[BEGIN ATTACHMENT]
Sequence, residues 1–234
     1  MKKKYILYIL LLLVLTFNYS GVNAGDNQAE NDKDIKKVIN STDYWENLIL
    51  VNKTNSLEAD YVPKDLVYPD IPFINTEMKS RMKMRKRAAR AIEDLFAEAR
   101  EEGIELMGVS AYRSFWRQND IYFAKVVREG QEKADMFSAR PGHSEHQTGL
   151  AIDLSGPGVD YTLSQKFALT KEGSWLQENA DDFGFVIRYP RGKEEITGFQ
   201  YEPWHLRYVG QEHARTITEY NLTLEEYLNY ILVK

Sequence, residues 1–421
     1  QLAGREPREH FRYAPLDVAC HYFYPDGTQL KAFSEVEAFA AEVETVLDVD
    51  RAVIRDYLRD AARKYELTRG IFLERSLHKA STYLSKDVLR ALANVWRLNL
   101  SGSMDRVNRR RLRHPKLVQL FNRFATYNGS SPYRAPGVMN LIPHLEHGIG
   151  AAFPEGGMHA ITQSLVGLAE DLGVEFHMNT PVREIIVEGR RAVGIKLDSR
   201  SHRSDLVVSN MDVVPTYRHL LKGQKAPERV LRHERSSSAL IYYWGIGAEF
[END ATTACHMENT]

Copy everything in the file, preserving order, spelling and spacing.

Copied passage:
Sequence, residues 1–234
     1  MKKKYILYIL LLLVLTFNYS GVNAGDNQAE NDKDIKKVIN STDYWENLIL
    51  VNKTNSLEAD YVPKDLVYPD IPFINTEMKS RMKMRKRAAR AIEDLFAEAR
   101  EEGIELMGVS AYRSFWRQND IYFAKVVREG QEKADMFSAR PGHSEHQTGL
   151  AIDLSGPGVD YTLSQKFALT KEGSWLQENA DDFGFVIRYP RGKEEITGFQ
   201  YEPWHLRYVG QEHARTITEY NLTLEEYLNY ILVK

Sequence, residues 1–421
     1  QLAGREPREH FRYAPLDVAC HYFYPDGTQL KAFSEVEAFA AEVETVLDVD
    51  RAVIRDYLRD AARKYELTRG IFLERSLHKA STYLSKDVLR ALANVWRLNL
   101  SGSMDRVNRR RLRHPKLVQL FNRFATYNGS SPYRAPGVMN LIPHLEHGIG
   151  AAFPEGGMHA ITQSLVGLAE DLGVEFHMNT PVREIIVEGR RAVGIKLDSR
   201  SHRSDLVVSN MDVVPTYRHL LKGQKAPERV LRHERSSSAL IYYWGIGAEF